3) "So we'll need to switch to different energy sources like nuclear, wind, and solar."
It is true that we will need to switch to alternative sources for our energy, however each of these comes with its own set of problems--mostly dealing with time and money.
First and foremost is the issue of cost. Nuclear power plants are not cheap. It takes a tremendous amount of capital to build and maintain them over the years. This power-to-dollar ratio is much less efficient than that of oil's. In addition, the Uranium used to run nuclear power is a finite resource that might be already at peak production
Another major challenge when it comes to Nuclear technology is that we still haven't figured out what to do with the toxic waste. The best idea that's been come up with so far is that we dig a very deep hole in Yucca Mountain near Nevada's 60-year-old Nuclear Test Site. Then we would ship nuclear waste from around the country to be stuffed into that hole. There are many problems with this scenario, including the seismic activity of the area, possible shipping disasters, and the risk of it affecting the groundwater of millions of farmers and citizens. Because of these reasons Nevadans REALLY don't want this to happen and have been fighting it politically for decades.
But when it comes down to it, the biggest problem is with storage space. Unfortunately, Yucca Mountain would simply not have enough room to store the heightened amount of waste produced by the dozens of new nuclear plants needed for our future power demands. Even at present rates, nuclear waste would exceed the storage space in less than a few decades.
Wind power has a great amount of potential for helping ease the problems of increased oil expenses. However, one problem is wind's variability and how that effects the electrical grid. It's been tabulated that just a few mph decrease can cause a turbine to lose 10% of production. This is a fixable problem but not a cheap one.
This is trivial compared to the largest problem with relying on wind energy, which is the sheer volume of turbines we would need to produce. Currently, wind power accounts for less than 2% of electrical energy produced in the U.S. Though it would be possible, a massive undertaking costing in the hundreds of billions, if not trillions of dollars would need to take place to move our power needs to a wind-based system. This will also take decades, and for us to produce an order of such magnitude, we will have to do it while our energy prices are still low.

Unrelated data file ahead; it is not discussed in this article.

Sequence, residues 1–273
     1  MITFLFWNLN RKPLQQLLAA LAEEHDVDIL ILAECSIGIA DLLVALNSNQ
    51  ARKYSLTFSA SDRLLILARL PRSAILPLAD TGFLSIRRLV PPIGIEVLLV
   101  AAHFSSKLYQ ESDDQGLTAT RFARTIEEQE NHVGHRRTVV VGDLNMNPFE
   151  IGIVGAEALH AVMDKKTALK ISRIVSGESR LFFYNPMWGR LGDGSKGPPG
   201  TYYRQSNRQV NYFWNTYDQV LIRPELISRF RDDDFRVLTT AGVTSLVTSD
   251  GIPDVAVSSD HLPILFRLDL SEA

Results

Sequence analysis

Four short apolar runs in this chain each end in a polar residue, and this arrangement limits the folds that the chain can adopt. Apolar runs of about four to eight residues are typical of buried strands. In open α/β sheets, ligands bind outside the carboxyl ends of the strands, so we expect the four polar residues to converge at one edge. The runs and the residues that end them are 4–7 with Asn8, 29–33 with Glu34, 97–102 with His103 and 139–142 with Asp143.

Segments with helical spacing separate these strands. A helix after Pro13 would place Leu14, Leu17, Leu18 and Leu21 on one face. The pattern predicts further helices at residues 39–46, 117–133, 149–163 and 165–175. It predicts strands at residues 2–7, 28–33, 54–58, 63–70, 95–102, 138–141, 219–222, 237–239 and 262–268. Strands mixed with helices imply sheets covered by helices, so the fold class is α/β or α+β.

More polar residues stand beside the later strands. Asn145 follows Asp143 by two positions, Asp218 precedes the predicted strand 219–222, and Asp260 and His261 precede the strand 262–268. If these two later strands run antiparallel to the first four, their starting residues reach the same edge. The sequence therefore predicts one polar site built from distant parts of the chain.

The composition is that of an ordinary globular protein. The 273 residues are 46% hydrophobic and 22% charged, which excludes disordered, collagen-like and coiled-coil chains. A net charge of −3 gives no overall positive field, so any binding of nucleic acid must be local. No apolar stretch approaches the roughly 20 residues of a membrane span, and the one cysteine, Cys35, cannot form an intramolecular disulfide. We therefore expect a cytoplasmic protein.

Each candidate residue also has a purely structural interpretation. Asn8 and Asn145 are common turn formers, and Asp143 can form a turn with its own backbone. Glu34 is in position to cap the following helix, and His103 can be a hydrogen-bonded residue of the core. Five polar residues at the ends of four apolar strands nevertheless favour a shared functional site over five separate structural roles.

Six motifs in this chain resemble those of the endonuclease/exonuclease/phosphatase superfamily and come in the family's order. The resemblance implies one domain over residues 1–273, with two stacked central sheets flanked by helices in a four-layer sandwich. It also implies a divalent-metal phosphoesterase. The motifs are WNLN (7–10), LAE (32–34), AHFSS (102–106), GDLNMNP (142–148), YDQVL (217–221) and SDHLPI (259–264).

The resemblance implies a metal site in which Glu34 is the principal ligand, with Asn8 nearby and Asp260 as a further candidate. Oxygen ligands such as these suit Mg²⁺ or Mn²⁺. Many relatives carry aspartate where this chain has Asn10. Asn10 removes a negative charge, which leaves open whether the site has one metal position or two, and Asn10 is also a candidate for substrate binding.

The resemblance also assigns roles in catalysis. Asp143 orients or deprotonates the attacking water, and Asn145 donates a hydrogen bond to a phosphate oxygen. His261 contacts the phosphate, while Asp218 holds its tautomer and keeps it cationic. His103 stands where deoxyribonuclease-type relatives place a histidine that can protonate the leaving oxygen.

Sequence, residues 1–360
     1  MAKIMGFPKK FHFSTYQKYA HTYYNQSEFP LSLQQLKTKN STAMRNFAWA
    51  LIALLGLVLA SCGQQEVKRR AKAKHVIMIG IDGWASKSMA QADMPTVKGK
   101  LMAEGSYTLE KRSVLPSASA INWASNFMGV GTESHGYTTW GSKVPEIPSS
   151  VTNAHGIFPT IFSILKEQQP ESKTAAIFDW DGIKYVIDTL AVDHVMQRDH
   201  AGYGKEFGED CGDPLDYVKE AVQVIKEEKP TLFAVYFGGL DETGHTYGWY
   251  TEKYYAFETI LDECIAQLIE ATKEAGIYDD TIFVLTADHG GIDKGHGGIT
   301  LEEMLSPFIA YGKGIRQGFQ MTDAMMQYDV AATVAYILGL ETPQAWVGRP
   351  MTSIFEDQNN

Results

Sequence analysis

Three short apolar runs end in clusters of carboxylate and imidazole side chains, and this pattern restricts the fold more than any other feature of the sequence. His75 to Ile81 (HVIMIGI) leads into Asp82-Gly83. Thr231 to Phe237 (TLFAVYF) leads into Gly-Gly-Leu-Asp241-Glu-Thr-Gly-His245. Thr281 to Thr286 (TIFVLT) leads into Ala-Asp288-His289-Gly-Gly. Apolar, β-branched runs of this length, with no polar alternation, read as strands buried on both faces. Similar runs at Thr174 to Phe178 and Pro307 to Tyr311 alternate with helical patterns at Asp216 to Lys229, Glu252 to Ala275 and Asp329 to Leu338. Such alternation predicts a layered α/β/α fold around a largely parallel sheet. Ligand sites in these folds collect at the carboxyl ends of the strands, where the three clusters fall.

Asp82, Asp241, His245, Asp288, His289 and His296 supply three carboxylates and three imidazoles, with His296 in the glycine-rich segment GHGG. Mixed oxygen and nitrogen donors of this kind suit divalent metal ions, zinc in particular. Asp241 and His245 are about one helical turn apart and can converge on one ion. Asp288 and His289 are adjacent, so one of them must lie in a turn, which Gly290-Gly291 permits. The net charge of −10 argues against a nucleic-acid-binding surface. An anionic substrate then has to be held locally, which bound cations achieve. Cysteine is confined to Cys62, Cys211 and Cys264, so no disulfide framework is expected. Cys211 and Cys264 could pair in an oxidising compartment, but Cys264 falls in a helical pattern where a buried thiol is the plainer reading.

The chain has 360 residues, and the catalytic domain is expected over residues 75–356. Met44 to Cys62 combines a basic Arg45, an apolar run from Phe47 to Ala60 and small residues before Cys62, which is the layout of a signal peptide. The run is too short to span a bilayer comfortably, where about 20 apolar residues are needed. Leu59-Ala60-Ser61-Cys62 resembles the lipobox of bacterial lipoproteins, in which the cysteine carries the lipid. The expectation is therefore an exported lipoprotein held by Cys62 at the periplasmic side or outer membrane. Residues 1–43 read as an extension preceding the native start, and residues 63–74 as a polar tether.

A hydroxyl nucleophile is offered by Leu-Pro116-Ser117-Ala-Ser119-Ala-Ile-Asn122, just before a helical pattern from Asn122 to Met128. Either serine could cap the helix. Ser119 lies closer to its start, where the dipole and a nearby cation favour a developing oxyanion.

Many of the same problems of switching to wind power also apply to solar. Again, variability due to weather is a big factor, and though it is a growing industry, it also has a long way to go to meet our demands. Currently, solar power accounts for less than 1% of world energy. Like wind power, it would need to increase production exponentially to meet our power needs. However, solar technology is much more expensive than wind and coal technology. In most cases photovoltaic cells require more energy to produce than can be harnessed in their lifetimes.
Electricity Production Costs Per Kilowatt Hour
Where Do We Go From Here?
While it's true that none of these technologies will ever be as cheap as oil, that doesn't mean we shouldn't be pushing for their fast implementation. There is no perfect solution to this problem, but there are better scenarios we can get ourselves into, and the longer we wait, the more expensive and improbable it becomes.
The first step is to push this problem into the national consciousness, while also putting pressure on our elected leaders. It's important to be realistic about the fact that there isn't a lot of urgency going on about this issue. Exposing friends and family to the problems of rising energy costs will help move the discussion into the mainstream consciousness. A very realistic goal is to create momentum on this topic and make it an issue in the next election.
Smaller steps on local levels will also help ease the pain. Supporting independent, regional farmers can be a key factor in reducing our dependancy on long-distance food shipping. In addition, putting pressure on city planners to reduce urban sprawl will be a good step in helping personal transit issues.
For other ideas, check out Films For Action's Peak Oil, and Solutions sections.
For more information please go to Richard Heinberg's webpage. He is the leading researcher on the subject.
Also, if you'd like to read it, here's the IEA's "World Energy Outlook" that spawned this article.
Matthew Toplikar (Dec. 2010)